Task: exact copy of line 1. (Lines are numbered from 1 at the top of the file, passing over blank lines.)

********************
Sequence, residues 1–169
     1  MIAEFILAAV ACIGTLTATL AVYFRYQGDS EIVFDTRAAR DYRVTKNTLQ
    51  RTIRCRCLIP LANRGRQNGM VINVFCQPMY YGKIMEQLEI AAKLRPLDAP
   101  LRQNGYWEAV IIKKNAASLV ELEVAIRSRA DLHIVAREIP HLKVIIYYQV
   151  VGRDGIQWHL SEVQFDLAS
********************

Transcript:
Sequence, residues 1–169